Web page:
These adjustments are applicable solely to the Ontario, Manitoba, Quebec, Saskatchewan and Michigan gas markets.

 

Gas in storage

 

Gas in storage represents the gas delivered to the LDCs in Illinois, Indiana, New York, Ohio, Georgia, Maryland, California and Alberta. The balance will fluctuate as gas is injected into or withdrawn from storage.

 

Gas in storage is valued at the lower of cost and net realizable value, with cost being determined on a weighted average basis. Net realizable value is the estimated selling price in the ordinary course of business.

 

Property and equipment (“P&E”)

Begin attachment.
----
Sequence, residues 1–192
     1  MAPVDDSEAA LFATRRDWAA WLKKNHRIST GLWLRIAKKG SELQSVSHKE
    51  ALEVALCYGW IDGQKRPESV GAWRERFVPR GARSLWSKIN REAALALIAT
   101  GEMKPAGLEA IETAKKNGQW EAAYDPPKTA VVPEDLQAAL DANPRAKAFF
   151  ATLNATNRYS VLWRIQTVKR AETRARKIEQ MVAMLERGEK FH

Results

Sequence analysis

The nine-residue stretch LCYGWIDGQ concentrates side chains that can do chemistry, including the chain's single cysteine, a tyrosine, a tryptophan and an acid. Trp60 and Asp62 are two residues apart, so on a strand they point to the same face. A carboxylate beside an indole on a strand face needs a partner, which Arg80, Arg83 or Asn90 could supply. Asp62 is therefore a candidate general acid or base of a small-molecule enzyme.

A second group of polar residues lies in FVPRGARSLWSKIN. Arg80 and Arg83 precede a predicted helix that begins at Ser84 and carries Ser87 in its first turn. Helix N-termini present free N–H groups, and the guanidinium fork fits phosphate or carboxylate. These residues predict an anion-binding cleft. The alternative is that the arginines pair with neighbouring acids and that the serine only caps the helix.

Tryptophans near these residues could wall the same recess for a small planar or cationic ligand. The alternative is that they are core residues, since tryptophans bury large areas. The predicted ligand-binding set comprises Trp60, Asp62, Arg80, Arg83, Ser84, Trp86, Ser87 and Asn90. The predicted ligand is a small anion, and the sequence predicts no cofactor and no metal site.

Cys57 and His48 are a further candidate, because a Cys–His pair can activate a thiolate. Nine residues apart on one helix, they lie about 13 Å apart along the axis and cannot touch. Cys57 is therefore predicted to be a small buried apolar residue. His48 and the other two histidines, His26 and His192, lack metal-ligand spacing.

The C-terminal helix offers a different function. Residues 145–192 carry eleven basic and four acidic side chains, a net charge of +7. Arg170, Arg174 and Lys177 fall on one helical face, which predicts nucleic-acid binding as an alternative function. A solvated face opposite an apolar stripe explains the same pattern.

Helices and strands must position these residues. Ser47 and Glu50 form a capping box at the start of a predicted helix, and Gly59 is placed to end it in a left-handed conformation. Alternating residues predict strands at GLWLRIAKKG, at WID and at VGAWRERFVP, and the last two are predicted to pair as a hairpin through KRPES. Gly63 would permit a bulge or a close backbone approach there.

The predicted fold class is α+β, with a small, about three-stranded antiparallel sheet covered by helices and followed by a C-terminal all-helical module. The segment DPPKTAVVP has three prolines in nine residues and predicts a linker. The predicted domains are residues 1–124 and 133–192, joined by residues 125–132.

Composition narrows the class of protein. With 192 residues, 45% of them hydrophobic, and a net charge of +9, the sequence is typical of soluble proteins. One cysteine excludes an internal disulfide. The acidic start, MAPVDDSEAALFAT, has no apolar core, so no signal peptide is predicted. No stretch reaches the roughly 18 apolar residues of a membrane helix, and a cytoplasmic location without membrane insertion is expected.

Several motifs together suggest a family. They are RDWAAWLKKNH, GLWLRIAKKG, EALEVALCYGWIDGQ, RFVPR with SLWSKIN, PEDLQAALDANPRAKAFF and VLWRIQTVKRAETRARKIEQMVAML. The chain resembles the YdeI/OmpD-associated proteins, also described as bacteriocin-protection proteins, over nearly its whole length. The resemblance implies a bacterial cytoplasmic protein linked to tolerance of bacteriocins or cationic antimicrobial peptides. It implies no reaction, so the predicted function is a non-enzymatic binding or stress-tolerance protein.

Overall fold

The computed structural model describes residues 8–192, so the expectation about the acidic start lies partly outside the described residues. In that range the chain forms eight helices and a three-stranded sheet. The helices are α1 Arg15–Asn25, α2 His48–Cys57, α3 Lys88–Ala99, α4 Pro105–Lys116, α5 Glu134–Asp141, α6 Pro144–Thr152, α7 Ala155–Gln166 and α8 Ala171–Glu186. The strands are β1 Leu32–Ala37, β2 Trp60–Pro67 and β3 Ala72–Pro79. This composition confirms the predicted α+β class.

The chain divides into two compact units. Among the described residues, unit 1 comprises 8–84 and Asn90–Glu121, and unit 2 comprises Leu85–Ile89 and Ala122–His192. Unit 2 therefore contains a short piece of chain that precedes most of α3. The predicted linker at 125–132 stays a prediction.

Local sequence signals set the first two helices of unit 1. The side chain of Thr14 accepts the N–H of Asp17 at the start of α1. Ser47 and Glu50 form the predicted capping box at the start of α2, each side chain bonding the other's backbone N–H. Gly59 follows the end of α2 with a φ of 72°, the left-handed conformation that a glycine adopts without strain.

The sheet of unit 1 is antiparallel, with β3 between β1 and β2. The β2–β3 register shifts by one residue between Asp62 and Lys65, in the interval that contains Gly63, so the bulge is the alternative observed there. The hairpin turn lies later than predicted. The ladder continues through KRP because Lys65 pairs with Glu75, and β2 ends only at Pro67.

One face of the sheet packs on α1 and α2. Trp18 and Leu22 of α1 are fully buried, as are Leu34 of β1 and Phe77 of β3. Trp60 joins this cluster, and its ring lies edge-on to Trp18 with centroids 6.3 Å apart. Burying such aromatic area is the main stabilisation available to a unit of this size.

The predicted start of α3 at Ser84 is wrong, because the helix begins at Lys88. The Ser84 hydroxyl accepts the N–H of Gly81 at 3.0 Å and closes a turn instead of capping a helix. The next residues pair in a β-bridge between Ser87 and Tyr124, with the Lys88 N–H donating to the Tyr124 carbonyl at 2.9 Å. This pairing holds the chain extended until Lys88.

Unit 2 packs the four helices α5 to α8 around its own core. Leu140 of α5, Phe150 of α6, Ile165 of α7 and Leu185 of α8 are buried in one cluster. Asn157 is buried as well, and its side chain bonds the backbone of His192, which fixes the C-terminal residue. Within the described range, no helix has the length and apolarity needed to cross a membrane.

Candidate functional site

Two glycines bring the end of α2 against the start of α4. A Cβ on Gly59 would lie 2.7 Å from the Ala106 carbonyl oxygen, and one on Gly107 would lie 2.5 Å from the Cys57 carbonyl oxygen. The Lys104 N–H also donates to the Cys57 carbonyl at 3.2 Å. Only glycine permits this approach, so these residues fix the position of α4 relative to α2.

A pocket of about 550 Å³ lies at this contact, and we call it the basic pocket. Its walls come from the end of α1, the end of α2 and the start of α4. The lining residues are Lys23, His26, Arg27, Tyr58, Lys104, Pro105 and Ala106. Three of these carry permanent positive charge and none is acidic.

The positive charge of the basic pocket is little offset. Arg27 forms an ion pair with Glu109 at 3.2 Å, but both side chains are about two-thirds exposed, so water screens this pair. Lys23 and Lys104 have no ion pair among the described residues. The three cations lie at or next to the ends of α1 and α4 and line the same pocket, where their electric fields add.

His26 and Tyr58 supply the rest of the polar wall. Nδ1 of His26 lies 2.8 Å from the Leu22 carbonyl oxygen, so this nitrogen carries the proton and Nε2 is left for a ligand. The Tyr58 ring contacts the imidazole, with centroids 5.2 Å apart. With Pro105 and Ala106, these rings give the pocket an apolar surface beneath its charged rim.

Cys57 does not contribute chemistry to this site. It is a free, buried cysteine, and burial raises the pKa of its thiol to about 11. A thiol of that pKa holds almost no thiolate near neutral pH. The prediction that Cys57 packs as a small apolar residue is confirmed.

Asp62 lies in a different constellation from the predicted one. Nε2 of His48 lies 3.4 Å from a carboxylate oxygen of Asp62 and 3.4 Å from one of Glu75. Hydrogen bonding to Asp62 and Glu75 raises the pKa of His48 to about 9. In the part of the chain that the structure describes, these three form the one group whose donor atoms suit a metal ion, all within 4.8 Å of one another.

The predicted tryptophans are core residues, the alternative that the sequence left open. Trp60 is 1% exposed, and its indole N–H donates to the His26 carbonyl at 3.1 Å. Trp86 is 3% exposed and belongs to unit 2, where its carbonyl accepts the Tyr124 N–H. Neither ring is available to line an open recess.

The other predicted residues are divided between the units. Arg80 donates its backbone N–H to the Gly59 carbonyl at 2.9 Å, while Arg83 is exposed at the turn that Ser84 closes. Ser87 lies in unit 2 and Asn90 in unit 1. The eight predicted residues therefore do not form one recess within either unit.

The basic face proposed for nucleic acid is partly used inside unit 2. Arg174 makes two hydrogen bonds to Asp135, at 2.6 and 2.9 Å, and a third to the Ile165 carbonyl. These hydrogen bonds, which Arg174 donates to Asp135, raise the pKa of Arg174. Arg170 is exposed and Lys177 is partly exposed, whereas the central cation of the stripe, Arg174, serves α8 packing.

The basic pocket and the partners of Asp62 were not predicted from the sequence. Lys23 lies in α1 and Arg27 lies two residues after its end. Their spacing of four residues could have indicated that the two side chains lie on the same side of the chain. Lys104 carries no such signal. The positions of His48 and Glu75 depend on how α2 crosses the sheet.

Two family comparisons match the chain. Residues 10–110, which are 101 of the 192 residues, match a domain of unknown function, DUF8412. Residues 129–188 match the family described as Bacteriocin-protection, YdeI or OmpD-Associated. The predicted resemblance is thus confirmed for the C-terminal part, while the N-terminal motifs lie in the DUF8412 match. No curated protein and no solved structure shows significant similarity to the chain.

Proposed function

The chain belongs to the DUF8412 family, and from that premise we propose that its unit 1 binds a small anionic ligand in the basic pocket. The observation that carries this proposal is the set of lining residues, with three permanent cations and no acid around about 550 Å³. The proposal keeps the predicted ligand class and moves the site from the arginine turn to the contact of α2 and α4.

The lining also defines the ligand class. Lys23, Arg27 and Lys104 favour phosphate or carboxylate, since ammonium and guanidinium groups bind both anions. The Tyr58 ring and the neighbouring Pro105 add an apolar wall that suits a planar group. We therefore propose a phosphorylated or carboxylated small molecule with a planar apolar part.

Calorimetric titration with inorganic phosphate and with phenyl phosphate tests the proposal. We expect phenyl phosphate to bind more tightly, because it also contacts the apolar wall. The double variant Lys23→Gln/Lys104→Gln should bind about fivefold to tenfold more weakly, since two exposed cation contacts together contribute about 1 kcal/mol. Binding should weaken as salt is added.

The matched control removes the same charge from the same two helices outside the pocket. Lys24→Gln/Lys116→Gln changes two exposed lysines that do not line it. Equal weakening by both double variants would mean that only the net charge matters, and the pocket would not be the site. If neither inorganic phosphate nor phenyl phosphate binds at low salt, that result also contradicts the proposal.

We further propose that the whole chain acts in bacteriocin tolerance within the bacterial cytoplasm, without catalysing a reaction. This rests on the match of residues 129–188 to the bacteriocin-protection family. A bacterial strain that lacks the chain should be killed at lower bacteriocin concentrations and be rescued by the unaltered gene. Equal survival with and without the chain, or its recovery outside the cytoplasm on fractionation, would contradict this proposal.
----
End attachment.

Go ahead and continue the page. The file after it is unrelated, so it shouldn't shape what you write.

Property and equipment are stated at cost, net of any accumulated depreciation and impairment losses. Cost includes the purchase price and, where relevant, any costs directly attributable to bringing the asset to the location and condition necessary and/or the present value of all dismantling and removal costs. Where major components of property and equipment have different useful lives, the components are recognized and depreciated separately. Just Energy recognizes, in the carrying amount, the cost of replacing part of an item when the cost is incurred and if it is probable that the future economic benefits embodied in the item can be reliably measured. When significant parts of property and equipment are required to be replaced at intervals, Just Energy recognizes such parts as individual assets with specific useful lives and depreciates them accordingly. Likewise, when a major inspection is performed, its cost is recognized in the carrying amount of the equipment as a replacement if the recognition criteria are satisfied. All other repair and maintenance costs are recognized in the consolidated statements of income (loss) as a general and administrative expense when incurred. Depreciation is provided over the estimated useful lives of the assets as follows: